More bidders in the mix as Jay Peak resort heads for auction Wednesday

The Tram Haus Lodge at Jay Peak Resort in June 2019. Photo by Glenn Russell/VTDigger

Jay Peak resort, the Vermont ski area at the center of the largest fraud case in the state’s history, hits the auction block Wednesday with up to three bidders expected to compete for ownership rights.

The identity of only one of the anticipated bidders, Pacific Group Resorts Inc., based in Park City, Utah, was revealed in a court filing last month. 

“There are at least two total bidders, possibly 3,” Steve Wright, Jay Peak’s general manager, wrote to VTDigger Tuesday in response to questions. “The auction is a closed event to the best of my knowledge and I’m not at liberty to mention who is presently at the finish unfortunately.”

He said he could reveal few other details about the auction other than to say it is set for Wednesday.

Michael Goldberg, the court-appointed receiver in charge of overseeing Jay Peak, did not respond to phone and email messages seeking comment.

Goldberg stated in an Aug. 1 filing in federal court in Florida that Pacific Group Resorts Inc. had offered an initial bid of $58 million for Jay Peak. Goldberg asked a judge to allow him to seek out other qualified buyers and, if a matching or higher price were offered, permit him to hold an auction to sell the resort. 

The judge agreed to that request.

If at least one other qualified bid were submitted, the filing stated, an auction would occur with bidding starting at the $58 million offer. Bidding would then rise with an “initial bid increment” of $1.75 million or higher, followed by bid increments of at least $250,000.

Ariel Quiros, Jay Peak’s former owner, is in federal prison, as are Bill Stenger, the resort’s former president, and William Kelly, an advisor to Quiros. All three men were indicted and later convicted of charges related to a failed initiative to build a $110 million biomedical research facility, known as AnC Bio Vermont. 

The men raised more than $80 million for the project from over 160 foriegn investors through the federal EB-5 visa program. Despite raising those funds, the project barely got off the ground before federal and state regulators stepped in and shut it down in April 2016, terming the project “nearly a complete fraud.”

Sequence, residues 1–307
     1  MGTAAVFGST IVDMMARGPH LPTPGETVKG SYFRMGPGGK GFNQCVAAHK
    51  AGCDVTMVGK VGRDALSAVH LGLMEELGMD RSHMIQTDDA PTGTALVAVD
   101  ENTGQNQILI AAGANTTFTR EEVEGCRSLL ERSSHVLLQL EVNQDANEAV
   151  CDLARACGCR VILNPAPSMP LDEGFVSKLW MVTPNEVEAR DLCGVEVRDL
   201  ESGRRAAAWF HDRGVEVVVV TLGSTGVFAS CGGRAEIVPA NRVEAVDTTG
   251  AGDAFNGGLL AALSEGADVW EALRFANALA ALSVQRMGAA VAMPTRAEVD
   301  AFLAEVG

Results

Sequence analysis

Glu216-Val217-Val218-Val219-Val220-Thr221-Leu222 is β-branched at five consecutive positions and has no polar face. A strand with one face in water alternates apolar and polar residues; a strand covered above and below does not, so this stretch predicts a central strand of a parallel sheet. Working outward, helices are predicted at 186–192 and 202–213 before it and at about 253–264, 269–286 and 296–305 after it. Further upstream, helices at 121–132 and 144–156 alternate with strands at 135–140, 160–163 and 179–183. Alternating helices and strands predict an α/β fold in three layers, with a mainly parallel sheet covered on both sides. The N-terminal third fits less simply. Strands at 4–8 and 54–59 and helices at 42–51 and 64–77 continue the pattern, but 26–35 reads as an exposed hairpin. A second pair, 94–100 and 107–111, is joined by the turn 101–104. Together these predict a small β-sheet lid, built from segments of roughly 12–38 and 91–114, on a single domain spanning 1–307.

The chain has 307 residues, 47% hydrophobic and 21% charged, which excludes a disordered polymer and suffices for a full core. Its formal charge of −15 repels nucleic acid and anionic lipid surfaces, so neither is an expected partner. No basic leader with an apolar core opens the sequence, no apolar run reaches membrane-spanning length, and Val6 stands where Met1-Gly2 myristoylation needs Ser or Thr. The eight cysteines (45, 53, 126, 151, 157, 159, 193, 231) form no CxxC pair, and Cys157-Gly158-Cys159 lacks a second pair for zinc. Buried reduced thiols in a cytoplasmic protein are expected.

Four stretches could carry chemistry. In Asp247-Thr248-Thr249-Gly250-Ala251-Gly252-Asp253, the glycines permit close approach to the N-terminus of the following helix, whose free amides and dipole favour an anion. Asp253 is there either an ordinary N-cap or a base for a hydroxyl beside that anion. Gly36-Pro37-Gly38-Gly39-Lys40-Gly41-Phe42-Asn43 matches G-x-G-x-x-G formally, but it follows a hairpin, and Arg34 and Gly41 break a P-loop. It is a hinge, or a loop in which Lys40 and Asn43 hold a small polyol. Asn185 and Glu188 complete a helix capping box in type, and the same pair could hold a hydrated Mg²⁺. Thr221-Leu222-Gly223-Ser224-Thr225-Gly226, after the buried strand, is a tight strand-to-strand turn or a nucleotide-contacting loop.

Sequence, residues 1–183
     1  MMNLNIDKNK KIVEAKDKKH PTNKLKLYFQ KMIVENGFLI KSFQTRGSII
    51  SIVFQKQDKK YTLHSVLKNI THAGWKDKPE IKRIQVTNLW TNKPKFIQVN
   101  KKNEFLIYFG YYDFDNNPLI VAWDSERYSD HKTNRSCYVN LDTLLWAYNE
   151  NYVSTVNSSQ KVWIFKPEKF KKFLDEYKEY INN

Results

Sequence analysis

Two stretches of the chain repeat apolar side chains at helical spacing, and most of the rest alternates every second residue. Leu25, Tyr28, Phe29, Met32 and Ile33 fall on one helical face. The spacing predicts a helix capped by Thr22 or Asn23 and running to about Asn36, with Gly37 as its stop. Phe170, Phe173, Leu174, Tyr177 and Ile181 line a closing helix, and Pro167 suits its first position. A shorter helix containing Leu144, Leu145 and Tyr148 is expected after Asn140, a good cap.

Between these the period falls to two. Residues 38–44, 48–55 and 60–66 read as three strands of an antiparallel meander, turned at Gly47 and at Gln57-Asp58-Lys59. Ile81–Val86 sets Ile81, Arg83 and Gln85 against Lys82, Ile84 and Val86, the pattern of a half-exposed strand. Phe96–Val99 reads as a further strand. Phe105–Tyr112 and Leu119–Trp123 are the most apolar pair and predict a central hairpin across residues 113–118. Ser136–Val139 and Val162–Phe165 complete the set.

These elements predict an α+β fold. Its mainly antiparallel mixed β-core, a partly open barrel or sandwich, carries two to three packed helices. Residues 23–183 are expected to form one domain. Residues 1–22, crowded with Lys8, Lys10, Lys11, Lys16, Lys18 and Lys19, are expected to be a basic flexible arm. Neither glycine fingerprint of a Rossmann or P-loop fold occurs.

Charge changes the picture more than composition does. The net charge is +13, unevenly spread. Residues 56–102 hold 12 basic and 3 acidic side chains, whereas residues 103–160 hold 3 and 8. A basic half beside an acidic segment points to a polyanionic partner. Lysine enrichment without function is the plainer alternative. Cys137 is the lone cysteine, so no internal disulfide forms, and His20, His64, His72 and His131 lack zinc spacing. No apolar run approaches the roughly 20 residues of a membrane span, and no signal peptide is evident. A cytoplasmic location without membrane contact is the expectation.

The regulators also accused Qurios and Stenger of misusing more than $200 million of more than $350 million they raised for a series of EB-5 financed projects, including massive upgrades at Jay Peak and nearby Burke Mountain ski resort.

The foriegn investors each put at least $500,000 into the projects through the EB-5 program and were seeking green cards in return, provided the projects met job-creating requirements. However, hundreds of those investors have failed to obtain the permanent U.S. residency they were seeking due to the criminal activity and misuse of the funds.

Goldberg has served as the receiver for the properties tied to the fraud case since regulators brought civil enforcement actions against Quiros and Stenger in 2016. 

Part of Quiros’ settlement with regulators was a requirement that he surrender $81 million in assets, including the Jay Peak resort. Goldberg has since put the resort on the market, with proceeds from the sale expected to go to defrauded investors on a “pro rata” basis.

It’s not clear how much the resort could sell for at auction, though the initial bid of $58 million is lower than previous valuations.  

In 2020, Jay Peak officials challenged the town’s grand list value of $121 million. A later settlement between Jay Peak officials and the town resulted in an assessed value of about $85 million for the resort. 

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